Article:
I was aware that koalas were present along the Great Ocean Road, and having googled the best places to see them, it seemed that Kennett River would be our best best. So, not far after Wye River (a familiar name from my time in the West Midlands) we reached our destination. We turned off onto the Grey River Road where I was informed that the koalas would be present. But how far up the road were they? Well, we kept driving uphill whilst looking up into the trees, with the road getting worse and worse as we went. After a mile of two (sorry, kilometre) it was apparent that this wasn’t quite the place we were looking for, so we turned around and tried to avoid the potholes on the way down. As we were getting back into the settlement, we noticed loads of Chinese tourists staring into the trees, and also apparently trying to get run over… This must be the place! We parked up near Kafe Koala (the name really gives it away, doesn’t it?), and wandered over to the gathering crowd. Sure enough, at the very start of the road we had just driven the length of, there were a number of koalas (three or four, I can’t remember as it was so long ago!) doing what koalas do best, sleeping. This was our first sighting of wild koalas, despite Saska having been in Australia for nearly eight months, and this being my second trip to the country. It must be noted that koalas are quite hard to see as they are often wedged between tree branches high up in the canopy and don’t move around much, but they are also really struggling as a species, with habitat loss and recent droughts and bushfires putting them more at risk. It was fantastic to see this iconic Australian species in the wild, even if the cockatoos and rosellas at the same spot were possibly a little more entertaining.

Kennett River Koala

We decided to look up free campsites in the area, and settled on the highly rated Beauchamp Falls campsite, a little inland (or so we thought) from the coastal road. It took so long to get there that we ended up driving down some very lonely forest roads in almost pitch black. When we arrived we were the only ones in the entire campsite, and it was starting to bucket down with rain. I guess that’s winter in Victoria for you. This is where I recommend that you don’t rent a car with a tent on its roof! It took so long to set up, mostly due to the main body of the tent getting stuck in the zip of the waterproof cover. But at least it was comfy to sleep in!

Quite the Contraption!

Day two started with the complex task of trying to put the roof-tent away before heading to Apollo Bay, were we stopped off at the information centre and for a little walk on the beach. We then carried on to the Twelve Apostles, a strange name for a collection of limestone stacks that had only ever consisted of eight structures maximum.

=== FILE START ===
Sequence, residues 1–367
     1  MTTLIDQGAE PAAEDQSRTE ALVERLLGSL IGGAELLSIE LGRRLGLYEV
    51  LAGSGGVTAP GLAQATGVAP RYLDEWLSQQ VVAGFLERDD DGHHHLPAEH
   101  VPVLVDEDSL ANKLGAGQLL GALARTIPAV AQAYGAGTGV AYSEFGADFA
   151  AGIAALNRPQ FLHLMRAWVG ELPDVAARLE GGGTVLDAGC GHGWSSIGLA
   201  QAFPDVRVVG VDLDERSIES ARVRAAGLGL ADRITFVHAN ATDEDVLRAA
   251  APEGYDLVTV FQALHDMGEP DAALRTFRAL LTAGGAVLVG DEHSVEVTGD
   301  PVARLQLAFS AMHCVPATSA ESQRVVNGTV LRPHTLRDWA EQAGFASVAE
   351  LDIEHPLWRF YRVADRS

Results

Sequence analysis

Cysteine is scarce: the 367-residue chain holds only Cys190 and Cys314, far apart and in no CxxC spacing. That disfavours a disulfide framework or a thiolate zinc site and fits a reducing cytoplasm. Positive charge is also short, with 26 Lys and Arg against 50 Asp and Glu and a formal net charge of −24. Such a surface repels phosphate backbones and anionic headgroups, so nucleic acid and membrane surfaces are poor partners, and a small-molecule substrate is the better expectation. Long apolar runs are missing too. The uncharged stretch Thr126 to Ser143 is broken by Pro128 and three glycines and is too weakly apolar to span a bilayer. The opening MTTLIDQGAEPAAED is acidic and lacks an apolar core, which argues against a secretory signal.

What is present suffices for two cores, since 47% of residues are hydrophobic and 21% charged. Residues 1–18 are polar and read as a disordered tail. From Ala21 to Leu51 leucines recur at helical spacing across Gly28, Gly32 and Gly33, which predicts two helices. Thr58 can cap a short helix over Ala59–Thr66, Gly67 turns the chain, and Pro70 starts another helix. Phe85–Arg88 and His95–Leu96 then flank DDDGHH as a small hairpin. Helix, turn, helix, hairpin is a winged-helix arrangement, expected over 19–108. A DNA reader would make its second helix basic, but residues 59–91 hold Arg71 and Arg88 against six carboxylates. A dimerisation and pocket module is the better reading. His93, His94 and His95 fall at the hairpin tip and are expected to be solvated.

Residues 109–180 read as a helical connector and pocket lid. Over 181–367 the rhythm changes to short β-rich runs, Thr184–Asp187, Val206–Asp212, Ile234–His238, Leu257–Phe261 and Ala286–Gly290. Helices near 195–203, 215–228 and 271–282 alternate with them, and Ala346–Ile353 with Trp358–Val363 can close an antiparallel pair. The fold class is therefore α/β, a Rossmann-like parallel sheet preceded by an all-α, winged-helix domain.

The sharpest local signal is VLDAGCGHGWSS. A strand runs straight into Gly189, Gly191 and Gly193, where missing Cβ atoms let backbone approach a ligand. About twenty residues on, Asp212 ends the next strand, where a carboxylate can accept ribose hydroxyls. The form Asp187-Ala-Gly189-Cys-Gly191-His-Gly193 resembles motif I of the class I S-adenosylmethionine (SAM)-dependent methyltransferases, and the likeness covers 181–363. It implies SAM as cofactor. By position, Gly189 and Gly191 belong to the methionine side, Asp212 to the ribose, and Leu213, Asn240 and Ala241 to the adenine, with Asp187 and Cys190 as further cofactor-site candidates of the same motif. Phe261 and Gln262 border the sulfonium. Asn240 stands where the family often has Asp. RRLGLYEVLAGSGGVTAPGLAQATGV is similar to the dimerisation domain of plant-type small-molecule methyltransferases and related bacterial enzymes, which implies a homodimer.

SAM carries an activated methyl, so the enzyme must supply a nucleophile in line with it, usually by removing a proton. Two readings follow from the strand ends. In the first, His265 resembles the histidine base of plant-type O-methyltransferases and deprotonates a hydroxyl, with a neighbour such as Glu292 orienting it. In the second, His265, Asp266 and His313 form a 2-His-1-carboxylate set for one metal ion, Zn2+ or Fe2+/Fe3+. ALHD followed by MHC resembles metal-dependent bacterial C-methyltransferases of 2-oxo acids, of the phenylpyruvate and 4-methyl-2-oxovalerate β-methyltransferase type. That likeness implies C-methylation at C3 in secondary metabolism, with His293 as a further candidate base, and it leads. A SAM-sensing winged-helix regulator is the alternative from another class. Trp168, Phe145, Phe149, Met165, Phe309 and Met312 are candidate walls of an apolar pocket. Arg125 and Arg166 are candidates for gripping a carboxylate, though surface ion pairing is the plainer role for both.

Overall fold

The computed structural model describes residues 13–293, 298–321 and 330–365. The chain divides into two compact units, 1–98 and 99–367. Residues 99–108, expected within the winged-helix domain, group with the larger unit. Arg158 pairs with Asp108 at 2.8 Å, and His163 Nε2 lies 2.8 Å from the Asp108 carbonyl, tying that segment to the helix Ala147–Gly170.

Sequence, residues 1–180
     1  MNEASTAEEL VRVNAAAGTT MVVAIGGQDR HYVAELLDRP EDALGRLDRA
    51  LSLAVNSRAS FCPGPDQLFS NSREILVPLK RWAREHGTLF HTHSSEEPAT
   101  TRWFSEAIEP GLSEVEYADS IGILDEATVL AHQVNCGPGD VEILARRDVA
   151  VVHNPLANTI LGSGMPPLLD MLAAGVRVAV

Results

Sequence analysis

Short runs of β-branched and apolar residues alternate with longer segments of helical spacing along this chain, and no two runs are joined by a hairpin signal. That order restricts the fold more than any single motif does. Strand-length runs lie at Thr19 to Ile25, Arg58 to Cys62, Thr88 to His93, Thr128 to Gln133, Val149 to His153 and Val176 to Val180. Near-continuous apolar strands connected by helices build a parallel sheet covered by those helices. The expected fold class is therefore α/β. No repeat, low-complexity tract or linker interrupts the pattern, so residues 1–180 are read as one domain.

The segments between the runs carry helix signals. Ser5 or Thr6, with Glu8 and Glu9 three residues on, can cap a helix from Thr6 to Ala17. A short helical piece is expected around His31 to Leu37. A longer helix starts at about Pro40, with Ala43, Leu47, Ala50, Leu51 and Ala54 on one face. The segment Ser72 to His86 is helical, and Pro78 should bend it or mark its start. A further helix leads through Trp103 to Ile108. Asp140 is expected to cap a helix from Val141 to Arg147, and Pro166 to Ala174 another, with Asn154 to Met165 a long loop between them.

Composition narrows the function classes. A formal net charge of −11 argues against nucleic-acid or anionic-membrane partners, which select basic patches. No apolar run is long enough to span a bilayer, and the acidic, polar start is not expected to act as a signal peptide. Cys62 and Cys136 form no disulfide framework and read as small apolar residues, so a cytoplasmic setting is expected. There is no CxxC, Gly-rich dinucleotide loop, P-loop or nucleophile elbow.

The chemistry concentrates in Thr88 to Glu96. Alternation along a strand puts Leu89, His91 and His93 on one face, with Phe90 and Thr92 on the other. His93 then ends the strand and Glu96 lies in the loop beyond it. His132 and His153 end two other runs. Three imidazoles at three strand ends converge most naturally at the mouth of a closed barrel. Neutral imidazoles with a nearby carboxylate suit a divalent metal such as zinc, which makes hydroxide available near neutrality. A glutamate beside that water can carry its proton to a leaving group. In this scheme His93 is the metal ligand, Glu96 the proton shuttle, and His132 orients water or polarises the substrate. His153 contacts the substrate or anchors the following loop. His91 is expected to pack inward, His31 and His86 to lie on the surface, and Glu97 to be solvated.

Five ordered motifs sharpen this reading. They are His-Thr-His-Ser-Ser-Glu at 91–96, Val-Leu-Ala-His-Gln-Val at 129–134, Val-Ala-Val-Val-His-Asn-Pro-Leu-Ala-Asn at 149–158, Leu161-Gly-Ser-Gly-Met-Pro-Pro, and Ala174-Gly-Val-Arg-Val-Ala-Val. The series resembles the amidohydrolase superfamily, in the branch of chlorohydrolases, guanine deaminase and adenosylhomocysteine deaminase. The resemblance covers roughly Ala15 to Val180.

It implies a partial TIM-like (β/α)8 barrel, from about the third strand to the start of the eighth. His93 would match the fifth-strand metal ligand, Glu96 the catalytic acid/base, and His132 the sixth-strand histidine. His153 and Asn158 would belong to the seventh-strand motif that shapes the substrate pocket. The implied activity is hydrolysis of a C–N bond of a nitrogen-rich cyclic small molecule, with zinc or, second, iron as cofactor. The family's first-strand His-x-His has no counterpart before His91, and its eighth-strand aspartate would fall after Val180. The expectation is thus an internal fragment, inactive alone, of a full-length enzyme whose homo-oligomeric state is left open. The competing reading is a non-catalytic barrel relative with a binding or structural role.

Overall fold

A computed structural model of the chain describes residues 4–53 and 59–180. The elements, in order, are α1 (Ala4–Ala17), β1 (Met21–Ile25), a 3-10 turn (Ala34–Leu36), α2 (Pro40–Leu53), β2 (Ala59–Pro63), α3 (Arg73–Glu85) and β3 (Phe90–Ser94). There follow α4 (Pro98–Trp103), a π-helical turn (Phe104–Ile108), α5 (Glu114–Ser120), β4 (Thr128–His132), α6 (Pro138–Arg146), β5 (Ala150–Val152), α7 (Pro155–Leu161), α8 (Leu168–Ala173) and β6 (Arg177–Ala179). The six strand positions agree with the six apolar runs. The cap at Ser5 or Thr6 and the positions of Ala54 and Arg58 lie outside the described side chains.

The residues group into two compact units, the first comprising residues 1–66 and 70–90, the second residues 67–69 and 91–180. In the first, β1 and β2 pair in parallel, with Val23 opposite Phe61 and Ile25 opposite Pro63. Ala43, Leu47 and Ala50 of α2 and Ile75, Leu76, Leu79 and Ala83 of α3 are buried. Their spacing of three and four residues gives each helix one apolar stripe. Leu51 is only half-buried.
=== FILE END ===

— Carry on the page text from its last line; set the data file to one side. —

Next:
The Twelve Apostles
The Twelve Apostles

After the Twelve Apostles we continued on to what was called London Bridge, but is sometimes now known as London Arch. The huge limestone arch used to be connected to the mainland by a second arch, giving it a resemblance to the bridge it was named after; however, in 1990 this second arch collapsed, leaving the single arch stranded in the ocean, as we see it today.

London Bridge
London Bridge/Arch

We carried on to the Grotto, a strange mix of geological formations which makes it a charming place to visit, but I would suggest the lack of roof doesn’t make it an ideal home for fat men with white beards!

The Grotto
The Grotto

Our final stop on the Great Ocean Road was at the whale nursery on Logan’s Beach near Warrnambool. There is a viewing platform with plenty of information about the whales you could see playing around just off the beach, but unfortunately we didn’t see any!

We were able to have a second night in the camper, but as we had struggled setting it up the night before, we decided to drive all the way through to Mount Barker in the Adelaide hills where we were staying with a family friend of Saska’s. The Great Ocean Roads was great, and we could have spent a lot more time stopping off at every single thing along the way, but feel we certainly got enough out of it. Was it one of the world’s best road trips? I guess you’ll have to make your own mind up!

2 thoughts on “The Great Ocean Road